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How-To Use Magnets On The Glowforge Cutting Bed

Keeping light-weight material on your Glowforge, or another laser cutter, the cutting bed can be a pain in the ass. So what can be done about it? A lot actually. Some people use small weights. Others use clips that clip into the hex grid of the Glowforge laser cutter. I prefer to use some powerful magnets from old (dead) hard drives. Combine them with a little bit of scrap acrylic and you’ve got a nice custom solution to help you keep your laser material in check.

The List

  • Old Hard Drive Magnets
  • Acrylic (Can be any color, I had scrap .08 clear acrylic that I used.)
  • Glowforge (Or another laser cutter)
  • Adhesive

The Directions

1. Farm/Mine your magnet(s)

I could go into an overly complicated how-to here, but I don’ need to. Check out this youtube video on How-to remove the magnets from a hard drive. (Not My Movie, just one I found that was easy to follow)

2. Design an acrylic case for the magnet(s)

I scanned the magnets on my flatbed scanner to get the exact shape and size of the magnets. I then imported the image into Adobe Illustrator and used the pen tool to replicate the outline of the magnets. I then used the offset path feature (Object>Path>Offset Path) function to make a slightly larger shape and again to make the outer edge. I combined the shapes to make a hollow shape that would encase the magnets. Due to the thickness of the magnet vs. the thickness of the acrylic, I had to double up on the hollow pieces for each magnet.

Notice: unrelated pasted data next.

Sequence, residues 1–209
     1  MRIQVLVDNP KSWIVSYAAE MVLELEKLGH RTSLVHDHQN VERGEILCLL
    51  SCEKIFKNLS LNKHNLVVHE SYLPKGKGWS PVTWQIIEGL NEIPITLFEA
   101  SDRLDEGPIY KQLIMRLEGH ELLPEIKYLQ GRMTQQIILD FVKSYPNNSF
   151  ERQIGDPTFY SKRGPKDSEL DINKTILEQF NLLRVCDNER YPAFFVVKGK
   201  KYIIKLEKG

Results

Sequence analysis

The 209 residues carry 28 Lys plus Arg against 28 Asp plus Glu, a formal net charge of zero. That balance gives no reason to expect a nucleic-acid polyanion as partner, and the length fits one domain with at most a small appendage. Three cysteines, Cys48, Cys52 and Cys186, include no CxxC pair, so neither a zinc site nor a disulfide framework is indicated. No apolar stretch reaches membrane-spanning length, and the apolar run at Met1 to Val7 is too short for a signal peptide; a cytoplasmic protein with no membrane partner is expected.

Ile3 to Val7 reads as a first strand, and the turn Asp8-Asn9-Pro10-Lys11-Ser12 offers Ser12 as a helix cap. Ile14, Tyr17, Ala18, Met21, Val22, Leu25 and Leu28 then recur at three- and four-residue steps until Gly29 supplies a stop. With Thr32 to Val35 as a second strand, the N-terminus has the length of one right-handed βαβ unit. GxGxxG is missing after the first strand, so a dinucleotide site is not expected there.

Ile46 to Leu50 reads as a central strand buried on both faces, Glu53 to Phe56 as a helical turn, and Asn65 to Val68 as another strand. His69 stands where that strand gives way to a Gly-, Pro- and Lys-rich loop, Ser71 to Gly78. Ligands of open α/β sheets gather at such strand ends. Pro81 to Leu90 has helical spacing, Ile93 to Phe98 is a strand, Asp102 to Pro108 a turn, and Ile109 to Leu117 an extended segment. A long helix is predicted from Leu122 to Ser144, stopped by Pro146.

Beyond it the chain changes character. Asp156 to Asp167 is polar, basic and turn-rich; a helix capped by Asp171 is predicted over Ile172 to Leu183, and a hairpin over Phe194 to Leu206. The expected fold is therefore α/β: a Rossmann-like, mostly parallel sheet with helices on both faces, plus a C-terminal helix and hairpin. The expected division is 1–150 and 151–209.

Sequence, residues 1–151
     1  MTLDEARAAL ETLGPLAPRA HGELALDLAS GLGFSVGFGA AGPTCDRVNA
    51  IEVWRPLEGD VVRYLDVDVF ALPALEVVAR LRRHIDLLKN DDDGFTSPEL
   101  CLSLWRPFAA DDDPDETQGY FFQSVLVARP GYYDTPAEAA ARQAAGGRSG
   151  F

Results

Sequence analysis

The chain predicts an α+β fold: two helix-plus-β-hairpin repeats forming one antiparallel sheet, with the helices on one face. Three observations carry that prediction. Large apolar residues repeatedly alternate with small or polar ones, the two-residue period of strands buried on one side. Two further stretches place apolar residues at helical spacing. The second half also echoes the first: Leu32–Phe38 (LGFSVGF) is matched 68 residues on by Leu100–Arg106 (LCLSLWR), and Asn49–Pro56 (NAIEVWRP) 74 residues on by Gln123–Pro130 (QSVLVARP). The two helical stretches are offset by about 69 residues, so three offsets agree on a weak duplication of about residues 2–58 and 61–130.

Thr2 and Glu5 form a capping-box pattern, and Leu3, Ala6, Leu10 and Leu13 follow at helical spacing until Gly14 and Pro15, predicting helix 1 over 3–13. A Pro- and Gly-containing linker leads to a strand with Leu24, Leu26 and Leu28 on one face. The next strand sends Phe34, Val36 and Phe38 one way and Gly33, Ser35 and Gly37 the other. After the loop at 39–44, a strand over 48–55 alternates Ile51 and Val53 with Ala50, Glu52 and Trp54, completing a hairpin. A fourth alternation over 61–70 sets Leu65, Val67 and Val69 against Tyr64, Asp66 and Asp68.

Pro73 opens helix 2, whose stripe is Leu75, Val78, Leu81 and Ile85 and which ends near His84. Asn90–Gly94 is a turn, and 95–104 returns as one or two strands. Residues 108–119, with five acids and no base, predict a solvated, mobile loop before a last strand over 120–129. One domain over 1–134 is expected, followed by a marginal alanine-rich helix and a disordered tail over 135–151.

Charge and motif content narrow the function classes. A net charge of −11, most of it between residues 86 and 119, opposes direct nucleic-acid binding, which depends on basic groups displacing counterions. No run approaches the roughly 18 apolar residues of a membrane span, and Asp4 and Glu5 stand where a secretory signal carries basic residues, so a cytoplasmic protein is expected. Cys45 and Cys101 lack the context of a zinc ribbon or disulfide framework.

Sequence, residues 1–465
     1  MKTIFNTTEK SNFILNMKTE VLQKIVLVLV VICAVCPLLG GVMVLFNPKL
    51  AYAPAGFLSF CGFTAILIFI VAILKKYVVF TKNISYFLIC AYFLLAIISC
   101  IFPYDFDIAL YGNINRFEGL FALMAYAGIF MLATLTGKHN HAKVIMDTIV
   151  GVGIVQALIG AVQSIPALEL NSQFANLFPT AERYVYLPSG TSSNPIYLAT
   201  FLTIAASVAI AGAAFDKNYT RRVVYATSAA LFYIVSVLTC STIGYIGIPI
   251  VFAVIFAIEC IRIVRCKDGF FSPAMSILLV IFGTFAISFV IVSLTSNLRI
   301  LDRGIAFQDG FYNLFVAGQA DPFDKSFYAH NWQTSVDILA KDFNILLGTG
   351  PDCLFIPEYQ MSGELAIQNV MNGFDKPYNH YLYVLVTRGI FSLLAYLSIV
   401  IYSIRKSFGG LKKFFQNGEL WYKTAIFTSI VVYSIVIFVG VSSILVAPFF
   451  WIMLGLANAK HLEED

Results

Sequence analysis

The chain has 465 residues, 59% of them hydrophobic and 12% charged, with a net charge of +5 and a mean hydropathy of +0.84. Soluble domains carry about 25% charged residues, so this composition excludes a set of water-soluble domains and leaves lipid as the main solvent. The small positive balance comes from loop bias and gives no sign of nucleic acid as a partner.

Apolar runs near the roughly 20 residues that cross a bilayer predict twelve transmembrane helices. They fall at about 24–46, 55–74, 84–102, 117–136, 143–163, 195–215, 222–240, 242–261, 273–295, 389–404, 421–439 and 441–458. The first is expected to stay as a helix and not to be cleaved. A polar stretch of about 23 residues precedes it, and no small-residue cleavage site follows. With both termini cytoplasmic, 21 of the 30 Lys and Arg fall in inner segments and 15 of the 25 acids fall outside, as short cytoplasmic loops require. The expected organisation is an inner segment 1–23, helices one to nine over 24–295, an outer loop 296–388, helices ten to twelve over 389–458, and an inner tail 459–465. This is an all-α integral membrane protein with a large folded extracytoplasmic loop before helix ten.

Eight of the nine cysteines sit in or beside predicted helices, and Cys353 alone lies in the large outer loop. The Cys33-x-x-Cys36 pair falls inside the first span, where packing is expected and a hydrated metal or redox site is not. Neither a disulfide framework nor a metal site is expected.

I then designed a small round handle to put on the top of each acrylic magnet case. Just to make them a little easier to pick up. I actually ended up removing them because, on a thick piece, they were in the way of the laser print head. So you can remove them and the cut into the top acrylic piece for a cleaner look. The neodymium magnets in the hard drives are super strong. The .02in thickness of the acrylic lifts them off the metal cutting bed on thinner materials just enough to make them easier to pick up off the bed so the handle really wasn’t needed.

Want to try it yourself? Here’s a helping hand, download my .SVG file and make a magnet case yourself!

3. Cut the acrylic pieces

Pretty self-explanatory. I have a Glowforge Pro and here are the settings I used…

Full Power Pew Pews/200 Zoom Zooms

4. Assemble your new Neodymium magnet cases

This is where your adhesive comes in to play. At the time I just used what I had available to me, E6000 Industrial Strength Adhesive. I’ve since bought some acrylic adhesive that dries clear and is super strong, but the E6000 is still holding strong.

Put the case together with the base (filled part without the notch) on the bottom, 1 or 2 hollow pieces next, followed lastly by the top which has the small rectangle cut in for the handle. Glude/adhere each piece as you go. I let the adhesive cure overnight. The final piece is small enough that I was able to use small clamps to keep the pressure on the pieces.

Assembled Glowforge Hard Drive Magnet

5. Enjoy!

These neodymium magnets work great on materials like Paper, leather, ever cardboard. Any material that could get blown away by the exhaust/blower fan. They look kinda cool too. Mine cracked a little because I guess the clamps I used were a little TOO tight, but they still work. Simply place them on top of the material you are cutting/engraving. If you decide to keep the small handle on them you can use them to pick the magnets up off the material. Like I said, I took mine off and I just pick them up from their sides. Hope you like this quick how-to!

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